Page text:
For many individuals, a varicose vein issue signals primarily a cosmetic problem that erodes self-confidence. However, for others, these abnormal vessels cause pain, other discomfort, and significant complications. Fortunately, vein specialists now offer a number of varicose vein treatment options.
Why Varicose Veins Cause Pain
A varicose vein develops because of a problem with a one-way valve in a vein. The valve’s job is to keep blood returning from the extremities to the heart from succumbing to gravity and falling backward. When a valve malfunctions due to injury, aging, or other cause, blood pools behind it. It can stretch the vein’s walls, causing them to bulge. The result is often a varicose vein.
The Mayo Clinic notes that the signs patients most frequently notice include:
- •Ropelike, bulging blue or purple vessels
- •An aching or heavy sensation in the affected leg
- •Lower leg throbbing, muscle cramping, burning, and swelling
- •Pain that gets worse after extended periods standing or sitting
- •Itching around a vein
- •Bleeding from a vein
- •Red skin discoloration and a painful cord in a vein
- •Skin ulcers or inflammation near an ankle
Adult varicose vein patients also carry an increased risk of developing deep vein thrombosis, or DVT. A DVT is a potentially serious complication that can result in breakaway blood clots.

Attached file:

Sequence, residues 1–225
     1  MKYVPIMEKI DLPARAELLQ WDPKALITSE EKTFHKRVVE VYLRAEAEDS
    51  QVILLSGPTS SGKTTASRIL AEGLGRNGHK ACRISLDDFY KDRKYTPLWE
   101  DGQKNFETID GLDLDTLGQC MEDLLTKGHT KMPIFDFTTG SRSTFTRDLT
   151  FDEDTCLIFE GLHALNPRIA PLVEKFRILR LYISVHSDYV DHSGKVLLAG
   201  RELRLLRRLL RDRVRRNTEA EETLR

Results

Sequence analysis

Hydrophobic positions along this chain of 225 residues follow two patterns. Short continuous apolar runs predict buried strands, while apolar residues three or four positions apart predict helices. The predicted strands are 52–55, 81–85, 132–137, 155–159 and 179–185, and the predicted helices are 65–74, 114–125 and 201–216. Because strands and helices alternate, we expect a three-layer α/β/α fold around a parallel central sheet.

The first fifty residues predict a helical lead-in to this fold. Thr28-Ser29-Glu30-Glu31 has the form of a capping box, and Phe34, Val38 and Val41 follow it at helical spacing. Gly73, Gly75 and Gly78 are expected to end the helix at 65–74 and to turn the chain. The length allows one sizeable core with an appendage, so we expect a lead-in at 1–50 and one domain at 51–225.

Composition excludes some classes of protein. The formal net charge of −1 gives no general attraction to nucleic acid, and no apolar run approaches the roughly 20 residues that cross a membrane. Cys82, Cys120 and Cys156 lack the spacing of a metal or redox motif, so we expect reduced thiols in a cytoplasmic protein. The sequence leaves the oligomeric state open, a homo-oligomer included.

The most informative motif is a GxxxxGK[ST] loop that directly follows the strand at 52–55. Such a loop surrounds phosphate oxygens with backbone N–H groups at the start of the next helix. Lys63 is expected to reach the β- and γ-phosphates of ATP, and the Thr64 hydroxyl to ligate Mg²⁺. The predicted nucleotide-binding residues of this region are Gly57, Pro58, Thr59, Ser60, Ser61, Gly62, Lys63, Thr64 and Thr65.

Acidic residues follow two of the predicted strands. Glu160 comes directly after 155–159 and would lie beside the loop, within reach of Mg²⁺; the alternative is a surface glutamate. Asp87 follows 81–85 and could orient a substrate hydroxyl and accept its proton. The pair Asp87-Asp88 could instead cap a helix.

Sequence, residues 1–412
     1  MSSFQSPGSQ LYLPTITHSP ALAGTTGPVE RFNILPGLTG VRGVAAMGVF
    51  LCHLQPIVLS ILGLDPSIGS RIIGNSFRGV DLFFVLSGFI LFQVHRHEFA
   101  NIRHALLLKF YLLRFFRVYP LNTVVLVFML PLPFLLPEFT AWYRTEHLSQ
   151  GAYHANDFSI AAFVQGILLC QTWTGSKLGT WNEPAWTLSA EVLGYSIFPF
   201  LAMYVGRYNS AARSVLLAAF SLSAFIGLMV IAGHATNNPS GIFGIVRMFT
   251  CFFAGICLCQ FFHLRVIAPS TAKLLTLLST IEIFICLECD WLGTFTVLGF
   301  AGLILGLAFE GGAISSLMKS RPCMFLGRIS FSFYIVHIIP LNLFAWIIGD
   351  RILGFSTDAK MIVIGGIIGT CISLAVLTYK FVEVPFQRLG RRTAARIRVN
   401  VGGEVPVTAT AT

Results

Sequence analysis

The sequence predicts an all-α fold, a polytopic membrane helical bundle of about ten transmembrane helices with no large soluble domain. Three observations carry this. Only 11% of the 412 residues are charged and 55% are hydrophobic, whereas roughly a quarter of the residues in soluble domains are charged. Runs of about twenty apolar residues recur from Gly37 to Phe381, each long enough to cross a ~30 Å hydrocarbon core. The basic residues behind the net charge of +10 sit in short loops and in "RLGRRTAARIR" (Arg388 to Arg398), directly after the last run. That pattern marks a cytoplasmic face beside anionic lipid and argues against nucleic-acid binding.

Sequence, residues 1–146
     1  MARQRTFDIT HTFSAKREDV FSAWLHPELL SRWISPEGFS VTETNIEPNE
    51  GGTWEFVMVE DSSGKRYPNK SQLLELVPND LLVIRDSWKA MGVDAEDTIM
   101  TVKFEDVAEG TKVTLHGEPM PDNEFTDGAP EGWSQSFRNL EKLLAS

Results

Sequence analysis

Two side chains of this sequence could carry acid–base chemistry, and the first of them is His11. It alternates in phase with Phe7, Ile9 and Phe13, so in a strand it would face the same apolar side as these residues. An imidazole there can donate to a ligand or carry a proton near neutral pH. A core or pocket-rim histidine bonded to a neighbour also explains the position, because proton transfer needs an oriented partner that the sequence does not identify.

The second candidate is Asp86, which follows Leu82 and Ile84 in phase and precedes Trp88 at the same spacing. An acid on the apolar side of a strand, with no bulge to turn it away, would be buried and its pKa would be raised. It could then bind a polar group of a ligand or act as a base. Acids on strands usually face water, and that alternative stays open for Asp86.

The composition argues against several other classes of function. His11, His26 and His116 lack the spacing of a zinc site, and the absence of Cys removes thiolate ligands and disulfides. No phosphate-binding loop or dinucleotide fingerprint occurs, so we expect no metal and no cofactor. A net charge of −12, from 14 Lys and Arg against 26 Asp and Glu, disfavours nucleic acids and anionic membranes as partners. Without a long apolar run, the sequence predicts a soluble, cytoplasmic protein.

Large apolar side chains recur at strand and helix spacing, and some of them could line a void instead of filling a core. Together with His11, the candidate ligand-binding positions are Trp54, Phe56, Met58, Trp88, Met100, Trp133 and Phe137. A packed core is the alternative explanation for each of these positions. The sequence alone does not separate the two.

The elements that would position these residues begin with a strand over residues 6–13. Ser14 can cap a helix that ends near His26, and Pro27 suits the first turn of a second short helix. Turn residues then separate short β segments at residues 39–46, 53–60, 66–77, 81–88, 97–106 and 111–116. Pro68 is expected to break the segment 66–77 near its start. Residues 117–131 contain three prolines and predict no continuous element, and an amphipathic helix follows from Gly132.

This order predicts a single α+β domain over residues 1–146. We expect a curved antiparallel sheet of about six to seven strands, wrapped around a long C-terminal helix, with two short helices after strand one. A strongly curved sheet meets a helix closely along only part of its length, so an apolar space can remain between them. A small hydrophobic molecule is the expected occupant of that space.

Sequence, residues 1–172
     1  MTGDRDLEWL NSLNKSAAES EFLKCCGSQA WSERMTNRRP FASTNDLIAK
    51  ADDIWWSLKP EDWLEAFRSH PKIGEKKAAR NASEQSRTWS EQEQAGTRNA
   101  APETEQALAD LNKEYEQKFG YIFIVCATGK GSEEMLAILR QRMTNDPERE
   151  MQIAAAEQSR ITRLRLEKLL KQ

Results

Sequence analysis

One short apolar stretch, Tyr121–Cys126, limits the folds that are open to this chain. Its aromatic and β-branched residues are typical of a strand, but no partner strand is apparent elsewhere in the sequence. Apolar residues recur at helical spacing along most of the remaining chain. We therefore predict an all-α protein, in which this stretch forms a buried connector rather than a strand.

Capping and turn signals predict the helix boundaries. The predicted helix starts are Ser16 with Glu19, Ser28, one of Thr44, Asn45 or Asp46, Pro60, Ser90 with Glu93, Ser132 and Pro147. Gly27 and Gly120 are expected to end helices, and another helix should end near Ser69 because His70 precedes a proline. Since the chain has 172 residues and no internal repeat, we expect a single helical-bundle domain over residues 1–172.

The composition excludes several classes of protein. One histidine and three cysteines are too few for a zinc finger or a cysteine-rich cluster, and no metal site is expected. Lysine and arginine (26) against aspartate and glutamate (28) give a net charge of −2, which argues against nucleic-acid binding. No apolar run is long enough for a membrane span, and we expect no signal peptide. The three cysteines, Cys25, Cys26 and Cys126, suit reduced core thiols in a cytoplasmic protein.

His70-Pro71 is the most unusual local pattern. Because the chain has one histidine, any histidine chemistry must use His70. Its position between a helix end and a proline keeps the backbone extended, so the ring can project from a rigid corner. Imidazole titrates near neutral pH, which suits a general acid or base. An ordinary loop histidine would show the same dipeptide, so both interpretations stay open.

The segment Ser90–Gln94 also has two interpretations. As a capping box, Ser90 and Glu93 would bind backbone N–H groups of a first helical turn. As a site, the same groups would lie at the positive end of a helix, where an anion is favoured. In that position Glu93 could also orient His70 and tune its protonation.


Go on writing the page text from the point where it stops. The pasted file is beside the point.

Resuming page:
Vein Treatment Options
Vein specialists offer two types of treatment for varicose vessels. Conservative measures include self-care steps such as shedding excess pounds, avoiding tight clothing, increasing physical activity, and avoiding extended periods sitting or standing. Compression stockings squeeze the legs to help blood move more efficiently.
When these initial steps fail to bring relief from pain or other discomfort, physicians offer several options that eliminate targeted abnormal veins, according to the National Heart, Lung, and Blood Institute. They normally perform these therapies on an outpatient basis:
- •Laser removal: The vein specialist inserts a tiny laser into the targeted vein under ultrasound guidance. Firing the laser causes the vein to fade.
- •Ablation: Chemical ablation guided by ultrasound is particularly useful for deeper veins. The injected chemical causes walls of the vein to stick to each other, closing the vein.
- •Sclerotherapy: Often associated with spider veins, sclerotherapy is useful for some varicose vessels. A chemical foam is appropriate for larger veins. It irritates the walls of the vein, closing them. The vessel eventually resorbs.
- •Microphlebectomy: Also called an ambulatory phlebectomy, this procedure utilizes small surgical hooks to remove veins through tiny cuts. Patients require only local anesthesia to numb the skin.
At an initial consultation, a vein specialist will perform a physical exam, review the patient’s medical history, discuss symptoms, and order any required imaging in order to recommend the best treatment option. While these convenient vein treatment options can eliminate varicose vein pain, they cannot prevent new abnormal blood vessels from forming.